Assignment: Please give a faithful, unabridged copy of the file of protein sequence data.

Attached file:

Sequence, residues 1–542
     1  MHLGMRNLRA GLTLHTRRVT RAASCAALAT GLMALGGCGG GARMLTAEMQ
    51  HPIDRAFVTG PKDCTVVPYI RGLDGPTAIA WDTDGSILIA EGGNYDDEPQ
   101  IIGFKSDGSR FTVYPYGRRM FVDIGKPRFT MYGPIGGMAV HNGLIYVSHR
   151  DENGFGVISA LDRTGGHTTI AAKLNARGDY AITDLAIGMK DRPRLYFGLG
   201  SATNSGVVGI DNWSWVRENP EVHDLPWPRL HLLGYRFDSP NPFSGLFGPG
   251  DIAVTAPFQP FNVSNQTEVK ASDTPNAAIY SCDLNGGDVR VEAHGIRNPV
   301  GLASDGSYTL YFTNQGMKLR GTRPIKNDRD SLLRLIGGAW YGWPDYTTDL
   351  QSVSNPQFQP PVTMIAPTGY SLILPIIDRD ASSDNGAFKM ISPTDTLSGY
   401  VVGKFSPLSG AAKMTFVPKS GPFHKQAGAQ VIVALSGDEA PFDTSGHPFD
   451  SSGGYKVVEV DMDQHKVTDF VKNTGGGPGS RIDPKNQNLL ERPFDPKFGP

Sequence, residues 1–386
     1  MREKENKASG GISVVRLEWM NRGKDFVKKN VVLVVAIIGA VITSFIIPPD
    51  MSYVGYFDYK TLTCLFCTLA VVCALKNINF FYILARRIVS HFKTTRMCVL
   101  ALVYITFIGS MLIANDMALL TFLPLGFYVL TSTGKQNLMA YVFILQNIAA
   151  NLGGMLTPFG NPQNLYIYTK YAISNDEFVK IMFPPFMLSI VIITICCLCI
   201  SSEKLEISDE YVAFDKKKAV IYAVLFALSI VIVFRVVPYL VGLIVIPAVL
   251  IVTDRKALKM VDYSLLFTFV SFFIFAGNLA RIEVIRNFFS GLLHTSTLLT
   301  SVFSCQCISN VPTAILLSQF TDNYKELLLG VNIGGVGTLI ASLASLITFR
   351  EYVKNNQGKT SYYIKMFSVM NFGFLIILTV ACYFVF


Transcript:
Sequence, residues 1–542
     1  MHLGMRNLRA GLTLHTRRVT RAASCAALAT GLMALGGCGG GARMLTAEMQ
    51  HPIDRAFVTG PKDCTVVPYI RGLDGPTAIA WDTDGSILIA EGGNYDDEPQ
   101  IIGFKSDGSR FTVYPYGRRM FVDIGKPRFT MYGPIGGMAV HNGLIYVSHR
   151  DENGFGVISA LDRTGGHTTI AAKLNARGDY AITDLAIGMK DRPRLYFGLG
   201  SATNSGVVGI DNWSWVRENP EVHDLPWPRL HLLGYRFDSP NPFSGLFGPG
   251  DIAVTAPFQP FNVSNQTEVK ASDTPNAAIY SCDLNGGDVR VEAHGIRNPV
   301  GLASDGSYTL YFTNQGMKLR GTRPIKNDRD SLLRLIGGAW YGWPDYTTDL
   351  QSVSNPQFQP PVTMIAPTGY SLILPIIDRD ASSDNGAFKM ISPTDTLSGY
   401  VVGKFSPLSG AAKMTFVPKS GPFHKQAGAQ VIVALSGDEA PFDTSGHPFD
   451  SSGGYKVVEV DMDQHKVTDF VKNTGGGPGS RIDPKNQNLL ERPFDPKFGP

Sequence, residues 1–386
     1  MREKENKASG GISVVRLEWM NRGKDFVKKN VVLVVAIIGA VITSFIIPPD
    51  MSYVGYFDYK TLTCLFCTLA VVCALKNINF FYILARRIVS HFKTTRMCVL
   101  ALVYITFIGS MLIANDMALL TFLPLGFYVL TSTGKQNLMA YVFILQNIAA
   151  NLGGMLTPFG NPQNLYIYTK YAISNDEFVK IMFPPFMLSI VIITICCLCI
   201  SSEKLEISDE YVAFDKKKAV IYAVLFALSI VIVFRVVPYL VGLIVIPAVL
   251  IVTDRKALKM VDYSLLFTFV SFFIFAGNLA RIEVIRNFFS GLLHTSTLLT
   301  SVFSCQCISN VPTAILLSQF TDNYKELLLG VNIGGVGTLI ASLASLITFR
   351  EYVKNNQGKT SYYIKMFSVM NFGFLIILTV ACYFVF